Why is Stopping GM Alfalfa Urgent?
The first variety of Monsanto’s GM alfalfa was registered in April, two weeks after the Day of Action. One GM Roundup Ready alfalfa variety has just been rubber-stamped by the Canadian Food Inspection Agency. The Canadian Seed Trade Association and its corporate members including Monsanto, Pioneer and Forage Genetics International are also actively trying to get support for the release of GM alfalfa. Following the Day of Action, Forage Genetics International stated that it would not sell GM alfalfa in the spring of 2013.
Because alfalfa is a perennial plant that is pollinated by bees, genetically modified alfalfa will inevitably cross-pollinate with non-GM and organic alfalfa, threatening the livelihoods of family farmers across Canada. Prairie farmers have already rejected GM alfalfa for these reasons so now the industry is trying to introduce GM alfalfa in Eastern Canada.
Why is GM Alfalfa Such a Huge Threat?
If grown commercially, GM contamination by Roundup Ready and Low Lignin genes is inevitable because alfalfa is a perennial crop pollinated by insects. In Ontario, weeds are becoming resistant to glyphosate (the active ingredient in Monsanto’s herbicide Roundup): another glyphosate tolerant crop like Roundup Ready alfalfa would increase these weeds. Alfalfa is almost always grown in a mix with grasses and establishes readily without the use of herbicides. Farmers don’t want or need Roundup Ready alfalfa. If genetically modified (GM, also called genetically engineered or GE) alfalfa is released in Eastern Canada, it will have negative impacts on a wide range of farmers and farming systems, both conventional and organic.
Why is Alfalfa Important?
Alfalfa (commonly harvested as hay) is a high-protein forage fed to animals like dairy cows, beef cattle, lambs, poultry and pigs. It‘s also used to build nutrients and organic matter in the soil, making it particularly important for organic farming. If it’s introduced, GM alfalfa will ruin export markets for alfalfa products, contaminate family farms, make it more difficult for farmers to control weeds, and threaten the future of organic food and farming in Canada.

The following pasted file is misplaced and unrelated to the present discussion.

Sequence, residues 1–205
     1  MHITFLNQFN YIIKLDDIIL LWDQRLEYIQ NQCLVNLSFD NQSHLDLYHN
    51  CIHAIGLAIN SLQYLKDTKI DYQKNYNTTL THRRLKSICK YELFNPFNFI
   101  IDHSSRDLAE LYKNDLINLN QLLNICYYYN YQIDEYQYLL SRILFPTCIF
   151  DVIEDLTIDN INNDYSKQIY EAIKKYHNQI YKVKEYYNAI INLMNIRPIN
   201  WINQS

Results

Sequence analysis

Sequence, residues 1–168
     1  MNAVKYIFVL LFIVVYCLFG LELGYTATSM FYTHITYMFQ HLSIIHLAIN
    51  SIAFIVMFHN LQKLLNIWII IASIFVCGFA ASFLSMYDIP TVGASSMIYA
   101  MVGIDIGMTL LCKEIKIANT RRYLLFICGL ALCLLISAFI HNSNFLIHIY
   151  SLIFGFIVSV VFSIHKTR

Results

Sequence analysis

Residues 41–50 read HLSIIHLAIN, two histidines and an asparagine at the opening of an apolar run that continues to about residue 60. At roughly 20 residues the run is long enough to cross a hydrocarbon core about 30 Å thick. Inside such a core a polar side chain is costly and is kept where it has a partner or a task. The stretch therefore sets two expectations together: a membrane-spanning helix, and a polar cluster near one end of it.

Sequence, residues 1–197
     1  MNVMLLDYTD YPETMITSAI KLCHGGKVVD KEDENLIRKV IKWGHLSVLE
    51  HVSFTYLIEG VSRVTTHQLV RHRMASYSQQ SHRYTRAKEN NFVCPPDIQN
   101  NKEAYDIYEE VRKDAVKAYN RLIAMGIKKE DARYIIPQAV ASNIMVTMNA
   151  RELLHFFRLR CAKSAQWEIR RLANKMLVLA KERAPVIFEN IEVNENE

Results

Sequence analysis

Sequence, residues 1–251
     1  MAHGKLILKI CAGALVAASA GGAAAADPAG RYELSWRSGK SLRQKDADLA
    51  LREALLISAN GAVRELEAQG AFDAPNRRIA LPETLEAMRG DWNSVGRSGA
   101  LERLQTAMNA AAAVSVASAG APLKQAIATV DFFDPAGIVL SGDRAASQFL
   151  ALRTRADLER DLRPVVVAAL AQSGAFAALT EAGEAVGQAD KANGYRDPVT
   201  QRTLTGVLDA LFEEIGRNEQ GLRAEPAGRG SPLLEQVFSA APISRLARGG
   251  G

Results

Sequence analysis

In March 2016 the company, Forage Genetics International (FGI), announced its plans to sell a limited quantity of seed for its “HarvXtra” genetically modified alfalfa variety in Eastern Canada. It is resistant to glyphosate herbicide and has the low lignin trait.
In a letter, the NFU has asked Agriculture Minister MacAulay to take immediate action to stop FGI from selling the seed in Canada this spring and asked the Minister to put border controls in place to prevent importation of contaminated conventional alfalfa seed from the USA. In our subsequent press release, the NFU also urged farmers to plant only Canadian-grown alfalfa seed, which is much less likely to be contaminated.
Soon after, we learned that FGI had begun to sell the seed. A letter signed by 15 farm organizations was sent to Minister MacAulay on April 20, 2016, urging him to stop further sales by deregistering GM alfalfa varieties until a full economic assessment is done, and also to establish a protocol for testing alfalfa seed imported from the USA in light of documented contamination of non-GM seed there. Organizations were invited to sign on to the joint letter to Minister MacAulay, and individuals were invited to express their concerns by email or to phone the Minister’s Ottawa office at 613-995-9325. The Minister sent a response to the joint letter on June 16, 2016, in which he reiterated his confidence in “co-existence” and indicated he looked to the Canadian Seed Trade Association, rather than Canadian alfalfa growers as the relevant industry stakeholders on this matter.